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Communications to the Editor |

Risk vs Benefits for Thromboembolic Disease After Total Joint Surgery FREE TO VIEW

Paul A. Lotke, MD
Author and Funding Information

Affiliations: Hospital of the University of Pennsylvania, Philadelphia, PA,  Erasme University Hospital, Brussels, Belgium

Correspondence to: Paul A. Lotke, MD, Hospital of the University of Pennsylvania, Department of Orthopedic Surgery, 3400 Spruce St, Philadelphia, PA 19104; e-mail: paul.lotke@uphs.upenn.edu



Chest. 2005;127(6):2297-2298. doi:10.1378/chest.127.6.2297-a
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Published online

To the Editor:

Surgeons and internists frequently weigh their risks and benefits on different scales. I believe this is the case with the guidelines for prophylaxis against thromboembolic disease that were recently published in CHEST (September 2004).1 The risks of bleeding weigh heavily in the surgeons’ decision making, whereas the internists see the pulmonary problems. Therefore, true evidence-based medicine must be applied carefully to derive a set of guidelines that is universally accepted by both groups.

First, recognizing that all of the recommendations in CHEST are based on the presence or absence of deep vein thrombosis (DVT), we must ask whether DVT is an accurate surrogate marker for patients who are at risk for a pulmonary embolism (PE) after undergoing total joint surgery. If they are, we should see a proportional reduction of PE with a reduction in DVT. In fact, we do not. It is well known that after total knee surgery the incidence of DVT is two to three times that of total hip surgery, but there is an equal or reduced number of PEs after total knee surgery, not a twofold to threefold increase.

While it has been well documented that DVT is an accurate marker of risk for medical and thrombophilic patients, the same risks may not apply to those undergoing total joint surgery. In those postoperative patients, up to 60% have experience a DVT, while the incidence of fatal PE is 0.1 to 0.2%.2 Postoperative clots may have been formed by local mechanical injury to the venous system at the time of surgery and may not convey the same ominous prognosis.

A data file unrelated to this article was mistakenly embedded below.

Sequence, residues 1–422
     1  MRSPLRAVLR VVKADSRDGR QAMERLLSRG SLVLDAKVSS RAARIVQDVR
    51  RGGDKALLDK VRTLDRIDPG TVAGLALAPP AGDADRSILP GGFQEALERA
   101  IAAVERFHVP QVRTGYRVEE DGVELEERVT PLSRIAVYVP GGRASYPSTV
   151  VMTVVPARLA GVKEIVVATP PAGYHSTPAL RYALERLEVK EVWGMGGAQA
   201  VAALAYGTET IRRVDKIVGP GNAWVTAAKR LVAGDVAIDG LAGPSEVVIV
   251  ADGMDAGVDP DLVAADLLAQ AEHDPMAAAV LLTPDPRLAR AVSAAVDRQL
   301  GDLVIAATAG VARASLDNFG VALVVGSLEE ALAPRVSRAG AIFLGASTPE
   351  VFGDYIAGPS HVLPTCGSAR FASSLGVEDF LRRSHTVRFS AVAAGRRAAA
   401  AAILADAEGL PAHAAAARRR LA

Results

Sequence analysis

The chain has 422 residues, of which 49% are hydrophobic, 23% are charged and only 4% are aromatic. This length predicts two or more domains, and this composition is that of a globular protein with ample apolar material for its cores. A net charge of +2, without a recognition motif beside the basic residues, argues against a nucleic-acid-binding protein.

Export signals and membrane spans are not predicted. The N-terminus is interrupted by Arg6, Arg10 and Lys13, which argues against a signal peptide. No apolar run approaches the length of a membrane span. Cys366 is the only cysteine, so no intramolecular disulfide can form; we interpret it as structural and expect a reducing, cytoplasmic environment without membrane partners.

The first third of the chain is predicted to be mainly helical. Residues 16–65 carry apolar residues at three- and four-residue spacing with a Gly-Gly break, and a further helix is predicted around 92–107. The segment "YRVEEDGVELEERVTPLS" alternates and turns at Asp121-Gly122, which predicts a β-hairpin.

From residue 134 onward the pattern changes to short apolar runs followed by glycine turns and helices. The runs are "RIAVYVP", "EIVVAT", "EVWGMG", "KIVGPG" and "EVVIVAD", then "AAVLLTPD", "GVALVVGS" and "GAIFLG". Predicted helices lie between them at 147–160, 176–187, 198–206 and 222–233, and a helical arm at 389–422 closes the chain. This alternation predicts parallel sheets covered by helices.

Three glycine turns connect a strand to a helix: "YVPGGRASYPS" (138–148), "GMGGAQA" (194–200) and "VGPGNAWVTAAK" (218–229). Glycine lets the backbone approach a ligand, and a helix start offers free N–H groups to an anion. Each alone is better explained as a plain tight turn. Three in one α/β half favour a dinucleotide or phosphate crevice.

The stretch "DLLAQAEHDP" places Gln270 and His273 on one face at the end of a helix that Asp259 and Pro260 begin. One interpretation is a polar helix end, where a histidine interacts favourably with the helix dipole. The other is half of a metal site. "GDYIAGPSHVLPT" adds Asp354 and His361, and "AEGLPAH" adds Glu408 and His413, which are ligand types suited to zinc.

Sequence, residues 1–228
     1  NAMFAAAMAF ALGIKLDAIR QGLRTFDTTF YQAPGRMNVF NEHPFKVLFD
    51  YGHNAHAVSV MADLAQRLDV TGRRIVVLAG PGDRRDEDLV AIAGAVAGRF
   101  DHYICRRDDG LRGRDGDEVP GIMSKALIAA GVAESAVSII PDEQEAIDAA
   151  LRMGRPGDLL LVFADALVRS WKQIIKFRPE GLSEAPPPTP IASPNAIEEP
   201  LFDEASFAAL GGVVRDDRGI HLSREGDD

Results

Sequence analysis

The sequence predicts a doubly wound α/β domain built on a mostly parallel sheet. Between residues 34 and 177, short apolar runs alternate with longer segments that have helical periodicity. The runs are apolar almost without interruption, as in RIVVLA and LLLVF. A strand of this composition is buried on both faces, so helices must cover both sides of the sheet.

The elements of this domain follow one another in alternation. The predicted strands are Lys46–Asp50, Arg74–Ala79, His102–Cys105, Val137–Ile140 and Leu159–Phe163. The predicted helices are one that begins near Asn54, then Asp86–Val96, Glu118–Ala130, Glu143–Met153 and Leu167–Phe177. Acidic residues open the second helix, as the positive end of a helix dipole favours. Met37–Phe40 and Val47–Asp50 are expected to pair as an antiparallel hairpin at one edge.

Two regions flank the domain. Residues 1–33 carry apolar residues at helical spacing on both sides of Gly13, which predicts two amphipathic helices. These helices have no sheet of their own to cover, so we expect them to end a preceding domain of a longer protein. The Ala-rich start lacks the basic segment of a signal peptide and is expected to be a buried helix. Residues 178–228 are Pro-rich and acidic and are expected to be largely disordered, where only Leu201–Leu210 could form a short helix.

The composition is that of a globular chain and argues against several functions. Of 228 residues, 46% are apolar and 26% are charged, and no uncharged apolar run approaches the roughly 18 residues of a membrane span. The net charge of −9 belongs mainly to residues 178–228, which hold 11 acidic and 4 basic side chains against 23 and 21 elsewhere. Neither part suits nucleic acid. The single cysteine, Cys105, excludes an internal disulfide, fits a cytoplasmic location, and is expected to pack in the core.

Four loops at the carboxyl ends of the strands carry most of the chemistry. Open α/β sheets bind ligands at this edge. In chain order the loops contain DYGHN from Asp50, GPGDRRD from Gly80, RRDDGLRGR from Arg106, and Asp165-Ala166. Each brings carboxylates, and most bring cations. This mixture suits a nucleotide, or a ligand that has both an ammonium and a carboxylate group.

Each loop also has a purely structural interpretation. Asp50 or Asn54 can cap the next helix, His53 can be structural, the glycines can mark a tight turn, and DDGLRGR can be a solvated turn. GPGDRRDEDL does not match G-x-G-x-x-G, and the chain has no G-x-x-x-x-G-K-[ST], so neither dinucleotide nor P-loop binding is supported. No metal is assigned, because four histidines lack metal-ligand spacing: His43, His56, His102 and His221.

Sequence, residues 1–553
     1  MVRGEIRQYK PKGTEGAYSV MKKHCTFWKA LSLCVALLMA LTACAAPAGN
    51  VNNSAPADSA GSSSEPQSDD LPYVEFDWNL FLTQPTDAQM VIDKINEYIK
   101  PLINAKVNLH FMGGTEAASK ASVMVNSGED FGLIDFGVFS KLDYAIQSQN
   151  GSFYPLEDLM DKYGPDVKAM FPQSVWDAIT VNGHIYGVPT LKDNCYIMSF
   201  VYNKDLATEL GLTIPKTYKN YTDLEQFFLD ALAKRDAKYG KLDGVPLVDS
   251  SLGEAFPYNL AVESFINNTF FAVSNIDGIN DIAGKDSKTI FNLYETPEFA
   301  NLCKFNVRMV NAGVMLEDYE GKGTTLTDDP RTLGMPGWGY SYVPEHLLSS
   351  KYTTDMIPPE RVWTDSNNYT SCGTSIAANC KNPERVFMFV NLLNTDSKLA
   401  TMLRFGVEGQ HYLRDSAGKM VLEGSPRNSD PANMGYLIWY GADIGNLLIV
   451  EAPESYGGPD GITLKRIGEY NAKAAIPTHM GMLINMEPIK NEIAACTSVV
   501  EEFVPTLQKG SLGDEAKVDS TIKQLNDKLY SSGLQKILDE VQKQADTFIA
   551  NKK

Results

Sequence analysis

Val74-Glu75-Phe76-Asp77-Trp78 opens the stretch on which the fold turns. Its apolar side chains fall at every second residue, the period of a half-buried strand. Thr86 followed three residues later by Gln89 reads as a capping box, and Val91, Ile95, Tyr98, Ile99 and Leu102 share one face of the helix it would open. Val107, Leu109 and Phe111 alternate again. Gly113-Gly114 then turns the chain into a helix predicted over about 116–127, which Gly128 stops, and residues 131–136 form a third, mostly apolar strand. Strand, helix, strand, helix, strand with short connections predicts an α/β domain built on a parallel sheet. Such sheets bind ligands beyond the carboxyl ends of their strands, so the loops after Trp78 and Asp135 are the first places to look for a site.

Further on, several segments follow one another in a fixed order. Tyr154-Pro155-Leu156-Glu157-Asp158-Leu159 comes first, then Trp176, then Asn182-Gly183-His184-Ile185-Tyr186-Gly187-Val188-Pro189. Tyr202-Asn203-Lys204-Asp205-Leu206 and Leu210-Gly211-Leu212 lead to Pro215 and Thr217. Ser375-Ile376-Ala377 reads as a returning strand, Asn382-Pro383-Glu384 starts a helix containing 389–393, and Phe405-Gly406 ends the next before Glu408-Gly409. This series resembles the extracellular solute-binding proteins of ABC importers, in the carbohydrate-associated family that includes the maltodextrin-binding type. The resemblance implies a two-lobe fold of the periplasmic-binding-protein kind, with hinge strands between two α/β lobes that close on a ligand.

Second, it is unclear whether we can generalize the safety data on postoperative chemoprophylactic agents, as reported in the literature, to all of our patients. The well-controlled, prospective, randomized drug studies in the literature exclude, by protocol, patients with prior DVT or GI bleeds, and the investigators choose not to enroll elderly, frail, and noncompliant patients. Therefore, the enrollees are a selected, healthier population and may not accurately represent the true bleeding risks.

Third, we must examine carefully the postsurgical morbidity of patients who experience significant bleeding events. The more effective a chemoprophylactic agent is in reducing the incidence of DVT, it may also effectively increase the risk from bleeding. Significant bleeding events occur in 1.8 to 5.1% of patients in the healthiest selected populations, creating significant morbidity for the patient and the surgeon.

Therefore, using evidence-based medicine, we must question the data that show that DVT is an accurate marker for the patient who has undergone total joint surgery and is at risk for PE. Without this evidence, the recommendations, as published in CHEST for the orthopedic medicine community, may be exposing our patients to expensive, risky, and perhaps minimally effective regimens.

Geerts, WH, Pineo, GF, Heit, JA, et al (2004) Prevention of venous thromboembolism: the seventh ACCP conference on antithrombotic and thrombolytic therapy.Chest126(suppl),338S-400S
 
Gill, SG, Mills, D, Joshi, AB Mortality following primary total knee arthroplasty.J Bone Joint Surg Am2003;85A,432-435
 
To the Editor:

I thank the authors for these comments and agree that the potential place of hemodialysis or hemofiltration in the treatment of patients with acute renal failure is indeed an important issue, but it is still very much under debate. As the authors state, few studies are currently available, and further research is needed to assess the available techniques, the optimal dose of dialysis, and the superiority of continuous over intermittent use.


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References

Geerts, WH, Pineo, GF, Heit, JA, et al (2004) Prevention of venous thromboembolism: the seventh ACCP conference on antithrombotic and thrombolytic therapy.Chest126(suppl),338S-400S
 
Gill, SG, Mills, D, Joshi, AB Mortality following primary total knee arthroplasty.J Bone Joint Surg Am2003;85A,432-435
 
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